Catalogue no. 1053

The Deil’s awa wi’ the exciseman

Music: Trad. arr. Brad Pierson, Words: Robert Burns

Voicing: SATB

Performance time approx: 1m 20s

Range: S: c' – f'' (descant g'') / A : c' – d'' / T : c – f' / B: F – d'

Price code: D


This song by Robert Burns, written in 1792, humorously portrays popular dislike of excisemen — government officials whose chief job was to track down whisky distilleries and tax the proceeds. Burns himself worked as an exciseman from 1788 until his death, so he knew first hand how much they were hated.

Burns’ original lyrics reflect racial stereotypes of the 18th century: the devil is described as ‘old Mahoun’ (a medieval name for the prophet Mohammed) — and as ‘black’. Our edition uses alternative lyrics. We also include a guide to the pronunciation and meaning of the more unusual Scots words.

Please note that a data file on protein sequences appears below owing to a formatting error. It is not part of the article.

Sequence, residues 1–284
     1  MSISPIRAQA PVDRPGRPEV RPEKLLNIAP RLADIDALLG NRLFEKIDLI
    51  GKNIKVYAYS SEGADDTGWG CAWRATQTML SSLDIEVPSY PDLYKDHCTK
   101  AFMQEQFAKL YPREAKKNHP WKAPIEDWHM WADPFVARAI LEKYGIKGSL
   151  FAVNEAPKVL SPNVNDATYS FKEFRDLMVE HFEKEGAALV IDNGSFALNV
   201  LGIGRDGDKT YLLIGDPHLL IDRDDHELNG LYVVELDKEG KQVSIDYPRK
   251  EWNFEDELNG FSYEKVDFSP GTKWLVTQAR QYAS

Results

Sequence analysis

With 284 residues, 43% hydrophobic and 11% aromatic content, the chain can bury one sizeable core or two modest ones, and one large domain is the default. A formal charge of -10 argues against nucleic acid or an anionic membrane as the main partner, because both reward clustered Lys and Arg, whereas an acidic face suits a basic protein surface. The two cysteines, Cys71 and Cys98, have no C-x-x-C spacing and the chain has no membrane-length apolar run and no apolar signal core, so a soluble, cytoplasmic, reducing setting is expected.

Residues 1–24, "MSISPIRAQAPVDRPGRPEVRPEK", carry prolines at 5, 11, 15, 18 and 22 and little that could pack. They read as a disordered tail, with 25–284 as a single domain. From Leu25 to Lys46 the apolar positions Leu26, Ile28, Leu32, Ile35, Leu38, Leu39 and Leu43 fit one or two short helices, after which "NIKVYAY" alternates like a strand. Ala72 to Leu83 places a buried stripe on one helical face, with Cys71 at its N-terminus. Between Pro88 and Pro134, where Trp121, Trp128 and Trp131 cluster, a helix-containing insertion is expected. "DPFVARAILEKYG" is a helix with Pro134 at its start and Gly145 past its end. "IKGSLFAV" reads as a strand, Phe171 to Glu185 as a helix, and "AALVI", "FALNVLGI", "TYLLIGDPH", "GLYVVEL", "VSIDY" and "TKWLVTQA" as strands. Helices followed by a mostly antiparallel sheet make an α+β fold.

The tune is very similar to a 17th century English dance tune called The Hemp Dressers.

Brad Pierson’s arrangement is homophonic throughout, easy to learn and fun to sing. The action switches around between the voices and there’s a descant in the last chorus.

The deil cam fiddlin’ thro’ the town,
And danc’d awa wi’ th’Exciseman,
And ilka wife cries, “Evil one,
I wish you luck o’ the prize, man.”

The deil’s awa, the deil’s awa,
The deil’s awa wi’ th’Exciseman.
He’s danc’d awa, he’s danc’d awa,
He’s danc’d awa wi’ th’Exciseman.

We’ll mak our maut, and we’ll brew our drink,
We’ll laugh, sing and rejoice, man,
And mony braw thanks to the meikle auld deil,
That danc’d awa wi’ th’Exciseman.

There’s threesome reels, there’s foursome reels,
There’s hornpipes and strathspeys, man,
But the ae best dance ere cam to the land
Was the deil’s awa wi’ th’Exciseman.

Robert Burns (slightly adapted)

Card ImageScottish

The Deil’s awa wi’ the exciseman

Brad Pierson


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